Hall+-+Memo+10-1323 by xiangpeng

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									                                                         FILED
                                                         MAR 29 2011
 1
                                                      SUSAN M SPRAUL, CLERK
                                                        U.S. BKCY. APP. PANEL
 2                                                      OF THE NINTH CIRCUIT

 3                  UNITED STATES BANKRUPTCY APPELLATE PANEL
 4                            OF THE NINTH CIRCUIT
 5   In re:                        )       BAP No. NV-10-1323-DHKi
                                   )
 6   KIMMI HALL,                   )       Bk. No. 09-19942-BAM
                                   )
 7                  Debtor.        )
     ______________________________)
 8                                 )
     WISHENGRAD LAW OFFICES, LLC, )
 9                                 )
                    Appellant,     )
10                                 )
     v.                            )       M E M O R A N D U M1
11                                 )
     YVETTE WEINSTEIN, Chapter 7   )
12   Trustee; KIMMI HALL; INTERIM )
     FUNDING,                      )
13                                 )
                    Appellees.     )
14   ______________________________)
15                  Argued and Submitted on February 18, 2011
                              at Las Vegas, Nevada
16
                             Filed - March 29, 2011
17
               Appeal from the United States Bankruptcy Court
18                       for the District of Nevada
19        Honorable Bruce A. Markell, Bankruptcy Judge, Presiding
20
     Appearances:     Layke M. Stolberg for Appellant Wishengrad Law
21                    Office, LLC.
                      Elizabeth E. Stevens for Appellee Yvette
22                    Weinstein.
23
     Before:   DUNN, HOLLOWELL and KIRSCHER, Bankruptcy Judges.
24
25
26        1
            This disposition is not appropriate for publication.
27   Although it may be cited for whatever persuasive value it may
     have (see Fed. R. App. P. 32.1), it has no precedential value.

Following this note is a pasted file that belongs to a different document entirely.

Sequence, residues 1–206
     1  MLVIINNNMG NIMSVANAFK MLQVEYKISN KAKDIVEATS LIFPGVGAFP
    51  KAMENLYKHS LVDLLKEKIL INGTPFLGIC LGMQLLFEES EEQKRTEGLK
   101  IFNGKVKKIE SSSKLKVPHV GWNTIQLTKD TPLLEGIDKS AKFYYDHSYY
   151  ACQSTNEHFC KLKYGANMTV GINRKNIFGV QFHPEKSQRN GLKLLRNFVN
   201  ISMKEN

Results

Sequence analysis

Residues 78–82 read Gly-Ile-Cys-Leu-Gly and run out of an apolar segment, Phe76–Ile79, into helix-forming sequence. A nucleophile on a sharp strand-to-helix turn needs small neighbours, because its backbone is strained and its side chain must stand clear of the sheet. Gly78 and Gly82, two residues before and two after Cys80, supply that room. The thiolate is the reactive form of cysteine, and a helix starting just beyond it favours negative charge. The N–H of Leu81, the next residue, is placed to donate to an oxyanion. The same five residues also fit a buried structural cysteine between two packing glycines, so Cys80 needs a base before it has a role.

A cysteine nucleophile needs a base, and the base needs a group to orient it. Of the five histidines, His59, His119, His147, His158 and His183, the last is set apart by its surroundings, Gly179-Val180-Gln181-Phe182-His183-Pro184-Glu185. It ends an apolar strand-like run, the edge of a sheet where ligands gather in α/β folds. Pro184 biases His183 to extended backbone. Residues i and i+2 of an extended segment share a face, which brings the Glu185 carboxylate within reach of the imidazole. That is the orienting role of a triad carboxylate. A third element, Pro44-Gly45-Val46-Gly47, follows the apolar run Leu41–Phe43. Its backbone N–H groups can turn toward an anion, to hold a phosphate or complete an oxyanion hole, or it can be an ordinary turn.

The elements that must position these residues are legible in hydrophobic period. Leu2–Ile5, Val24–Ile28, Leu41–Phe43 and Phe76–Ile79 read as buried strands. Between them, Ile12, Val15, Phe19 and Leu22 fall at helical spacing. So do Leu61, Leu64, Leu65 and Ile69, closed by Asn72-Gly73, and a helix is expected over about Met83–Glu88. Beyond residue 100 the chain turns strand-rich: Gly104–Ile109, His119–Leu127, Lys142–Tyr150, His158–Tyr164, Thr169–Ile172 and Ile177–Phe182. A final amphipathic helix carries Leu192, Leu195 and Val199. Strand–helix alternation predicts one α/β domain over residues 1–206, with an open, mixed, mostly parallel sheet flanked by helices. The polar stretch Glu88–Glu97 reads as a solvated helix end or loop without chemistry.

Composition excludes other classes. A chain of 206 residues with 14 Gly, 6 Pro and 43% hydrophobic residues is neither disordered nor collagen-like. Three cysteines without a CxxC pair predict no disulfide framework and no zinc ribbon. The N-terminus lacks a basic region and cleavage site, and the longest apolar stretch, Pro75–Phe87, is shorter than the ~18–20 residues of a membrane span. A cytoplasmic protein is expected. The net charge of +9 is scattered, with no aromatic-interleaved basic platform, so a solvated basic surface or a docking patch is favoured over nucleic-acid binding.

28   See 9th Cir. BAP Rule 8013-1.
 1        Creditor Wishengrad Law Offices, LLC, represented by Evan
 2   Wishengrad, its name partner (collectively, “Wishengrad”),
 3   appeals the bankruptcy court’s order granting the chapter 7
 4   trustee’s motion to approve the settlement of a personal injury
 5   lawsuit initiated prepetition by the debtor, Kimmi Hall.2    We
 6   AFFIRM.
 7
 8                                  FACTS
 9        Four years before filing for bankruptcy, the debtor
10   sustained injuries during an armed robbery at a Wells Fargo bank
11   branch in Las Vegas, Nevada.   The debtor initiated a personal
12   injury lawsuit against Wells Fargo Bank, NA (“Wells Fargo”) with
13   Wishengrad as her attorney.3
14        The debtor filed her chapter 7 petition on June 11, 2009.
15   The debtor did not file any schedules with her petition.    Soon
16   after the petition date, Wishengrad contacted Yvette Weinstein,
17   the chapter 7 trustee (“trustee”), advising her of the personal
18   injury lawsuit.   He also informed the trustee that the personal
19   injury lawsuit had a potential recovery of $2 to $3 million.
20        The trustee filed an application to employ Wishengrad as
21   special counsel to litigate the personal injury lawsuit and a
22
23
          2
24          Unless otherwise indicated, all chapter, section and rule
     references are to the Bankruptcy Code, 11 U.S.C. §§ 101-1532, and
25   to the Federal Rules of Bankruptcy Procedure, Rules 1001-9037.
26        3